Angered that his music had been banned by the country’s Islamic regime, they also chanted anti-government slogans, including “death to the dictator,” a reference to Iran’s Supreme Leader Ali Khamenei and President Hassan Rouhani. Security forces arrived on motorcycles, swinging batons at crowds until they dispersed.
“The grateful Iranian nation will always keep the name, memory and work of this popular artist alive in its memory,” Rouhani said on Twitter.
Mr. Shajarian was known as an ostad, or master, of traditional Persian music backed by string and percussion instruments, many of which he designed himself. He started singing during the reign of the last U.S.-backed shah, Mohammad Reza Pahlavi, before supporting the 1979 Islamic revolution that installed Ayatollah Ruhollah Khomeini.
While Khomeini banned “imperialist” Western music and instruments, Mr. Shajarian’s traditional songs — and soaring, quavering tenor — reached a wide audience. He became known as “the voice of Iran,” and in 2009, the Los Angeles Times called him “Iran’s greatest living master of traditional Persian music.”
Mr. Shajarian typically used subtle metaphors and poetic allegories in his verses, and he rarely ventured into politics. But in 2009, he surprised many of his fans by speaking out against the government he had long supported, siding with demonstrators who challenged election results that led to ultraconservative President Mahmoud Ahmadinejad’s second term.
As security forces wielded batons and tear gas against protesters, Mr. Shajarian turned a work of Persian poetry into an anthem of resistance, singing “Language of Fire and Iron” by Fereydoon Moshiri.
“Lay down your gun,” he pleaded, “as I hate this very abnormal shedding of blood. The gun in your hand speaks the language of fire and iron. . . . Come, sit down, talk, hear. Perhaps the light of humanity will get through to your heart, too.”
When Ahmadinejad labeled the protesters “dust and trash,” Mr. Shajarian responded by telling the BBC: “I am the voice of dust and trash, and [my voice] will always belong to dust and trash.” The regime banned him from performing in Iran, and Mr. Shajarian, in turn, insisted that state media stop broadcasting his music.
His most famous song was “Morghe Sahar” (“Bird of Dawn”), an allegorical ballad about a bird that sings to end the darkness of the night and herald a day of liberation. Based on an old Persian poem, the song became his trademark encore at concerts abroad, inevitably bringing audiences to tears.
Mr. Shajarian was also known for singing “Rabbana,” a prayer song that compiled verses from the Koran. State broadcasters played the song during the holy month of Ramadan for some 30 years, until he fell afoul of the regime. “Ramadan without Rabana is like Christmas without Christmas carol,” one Iranian told the Guardian in a 2013 message on Facebook. “I don’t observe fasting but yet every Ramadan I listened out for it.”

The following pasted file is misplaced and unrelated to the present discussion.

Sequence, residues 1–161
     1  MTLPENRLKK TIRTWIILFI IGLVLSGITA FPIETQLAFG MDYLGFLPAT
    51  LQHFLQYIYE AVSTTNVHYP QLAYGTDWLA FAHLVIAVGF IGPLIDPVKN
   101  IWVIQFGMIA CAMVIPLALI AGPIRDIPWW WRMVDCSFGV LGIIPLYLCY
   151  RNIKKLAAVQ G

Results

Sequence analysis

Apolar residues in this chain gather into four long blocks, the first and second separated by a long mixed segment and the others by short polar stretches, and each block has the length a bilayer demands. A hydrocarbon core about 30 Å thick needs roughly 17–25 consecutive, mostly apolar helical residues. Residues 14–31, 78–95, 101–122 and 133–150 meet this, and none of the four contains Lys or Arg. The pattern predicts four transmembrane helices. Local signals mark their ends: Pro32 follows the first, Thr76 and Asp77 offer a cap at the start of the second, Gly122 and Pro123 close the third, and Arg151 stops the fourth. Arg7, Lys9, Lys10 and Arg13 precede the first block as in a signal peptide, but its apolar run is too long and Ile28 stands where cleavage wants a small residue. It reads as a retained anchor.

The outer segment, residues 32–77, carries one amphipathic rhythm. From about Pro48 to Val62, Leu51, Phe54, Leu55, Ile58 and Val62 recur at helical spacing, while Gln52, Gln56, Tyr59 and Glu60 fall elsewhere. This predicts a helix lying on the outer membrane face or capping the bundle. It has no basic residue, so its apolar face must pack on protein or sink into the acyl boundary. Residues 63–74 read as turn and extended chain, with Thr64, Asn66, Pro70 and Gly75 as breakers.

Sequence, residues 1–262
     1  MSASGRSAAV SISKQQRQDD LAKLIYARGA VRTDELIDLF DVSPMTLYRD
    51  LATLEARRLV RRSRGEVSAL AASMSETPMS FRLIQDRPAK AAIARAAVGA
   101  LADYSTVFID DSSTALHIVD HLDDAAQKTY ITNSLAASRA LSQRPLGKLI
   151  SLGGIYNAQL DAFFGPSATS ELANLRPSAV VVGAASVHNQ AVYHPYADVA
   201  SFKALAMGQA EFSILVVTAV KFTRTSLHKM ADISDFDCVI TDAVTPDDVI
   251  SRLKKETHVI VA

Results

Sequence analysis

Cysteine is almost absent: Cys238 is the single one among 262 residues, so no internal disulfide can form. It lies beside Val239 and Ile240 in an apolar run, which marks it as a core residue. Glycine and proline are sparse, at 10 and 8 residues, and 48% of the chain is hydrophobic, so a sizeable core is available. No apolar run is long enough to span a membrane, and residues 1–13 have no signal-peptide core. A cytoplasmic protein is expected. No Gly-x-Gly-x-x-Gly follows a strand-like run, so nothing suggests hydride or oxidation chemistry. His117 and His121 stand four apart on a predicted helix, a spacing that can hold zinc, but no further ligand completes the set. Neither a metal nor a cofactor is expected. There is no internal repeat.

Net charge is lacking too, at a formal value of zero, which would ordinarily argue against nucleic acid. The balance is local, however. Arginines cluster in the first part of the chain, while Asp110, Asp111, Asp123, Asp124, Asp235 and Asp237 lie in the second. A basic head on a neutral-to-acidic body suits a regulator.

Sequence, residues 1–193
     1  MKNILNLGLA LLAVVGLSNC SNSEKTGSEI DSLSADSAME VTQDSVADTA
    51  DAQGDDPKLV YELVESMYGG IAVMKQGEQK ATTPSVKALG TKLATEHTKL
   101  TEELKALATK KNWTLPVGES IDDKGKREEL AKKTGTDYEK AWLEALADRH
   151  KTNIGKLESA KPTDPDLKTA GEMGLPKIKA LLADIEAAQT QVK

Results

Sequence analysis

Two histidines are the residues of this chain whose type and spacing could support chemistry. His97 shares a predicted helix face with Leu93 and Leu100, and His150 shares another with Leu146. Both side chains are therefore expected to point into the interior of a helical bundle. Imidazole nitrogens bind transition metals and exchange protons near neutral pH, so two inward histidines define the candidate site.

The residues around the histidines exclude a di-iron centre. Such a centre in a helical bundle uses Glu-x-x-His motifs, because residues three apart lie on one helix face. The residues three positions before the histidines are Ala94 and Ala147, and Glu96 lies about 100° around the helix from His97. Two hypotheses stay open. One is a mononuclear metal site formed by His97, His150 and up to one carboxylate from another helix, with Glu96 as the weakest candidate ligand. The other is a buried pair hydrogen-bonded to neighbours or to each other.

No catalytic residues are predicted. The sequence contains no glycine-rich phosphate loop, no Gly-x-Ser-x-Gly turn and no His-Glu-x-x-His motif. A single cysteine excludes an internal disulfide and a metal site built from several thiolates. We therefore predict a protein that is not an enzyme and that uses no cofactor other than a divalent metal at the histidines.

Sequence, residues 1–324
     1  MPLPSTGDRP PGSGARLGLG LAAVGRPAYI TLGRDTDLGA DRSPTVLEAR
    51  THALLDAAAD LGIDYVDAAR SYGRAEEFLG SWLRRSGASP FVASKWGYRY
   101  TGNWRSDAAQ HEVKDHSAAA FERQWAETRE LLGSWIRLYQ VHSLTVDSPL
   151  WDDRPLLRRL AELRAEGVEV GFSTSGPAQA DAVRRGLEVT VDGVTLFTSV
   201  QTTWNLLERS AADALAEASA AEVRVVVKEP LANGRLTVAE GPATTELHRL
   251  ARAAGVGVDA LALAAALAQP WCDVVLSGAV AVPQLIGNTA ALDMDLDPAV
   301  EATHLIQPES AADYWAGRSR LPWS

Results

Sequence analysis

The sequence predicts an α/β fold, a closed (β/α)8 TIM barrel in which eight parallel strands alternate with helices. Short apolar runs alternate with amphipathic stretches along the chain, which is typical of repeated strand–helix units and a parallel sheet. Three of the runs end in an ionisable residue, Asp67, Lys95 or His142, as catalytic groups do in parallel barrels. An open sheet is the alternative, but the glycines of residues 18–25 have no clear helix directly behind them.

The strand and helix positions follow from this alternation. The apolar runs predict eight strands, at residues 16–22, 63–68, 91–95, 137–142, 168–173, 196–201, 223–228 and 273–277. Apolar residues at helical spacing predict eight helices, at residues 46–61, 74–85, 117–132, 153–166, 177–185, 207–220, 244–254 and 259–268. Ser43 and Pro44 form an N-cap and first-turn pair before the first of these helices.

The oldest of five children, Mr. Shajarian was born Sept. 23, 1940, in the northeastern city of Mashhad. His father was a qari, a respected reciter of the Koran, and the younger Shajarian started singing verses of the Islamic holy book when he was 5. By age 12, he was studying the radif, the traditional repertoire of Iranian music.
Mr. Shajarian received two awards from UNESCO for his music, and he was named a chevalier of France’s Legion of Honor. After the Iranian city of Bam was ravaged by an earthquake in 2003, killing more than 26,000, he organized a benefit concert for survivors and families of the victims.
His marriage to Farkhondeh Golafshan, with whom he had four children, ended in divorce. He later married Katayoun Khansari, with whom he had a son. Complete information on survivors was not immediately available.
Mr. Shajarian’s son Homayoun, a fellow classical singer who often joined him onstage, announced the death on Instagram but did not give a cause. Mr. Shajarian had battled kidney cancer for almost 20 years, and Iranian state television cited the disease in its news bulletins, while broadcasting images of the singer for the first time in 11 years.
“My music has always been entirely connected to what happens in Iran,” he told German writer and Persia expert Marian Brehmer in 2011. “The poems I choose to perform reflect our social history. My songs speak of people’s lives. I get my inspiration from the people. I need to be among them. Or else I wouldn’t be able to sing.”
“I think of people’s longings,” he added. “Humanity should rule the world, not religion, nationalism or ideology. Humanity is the aim of all arts.”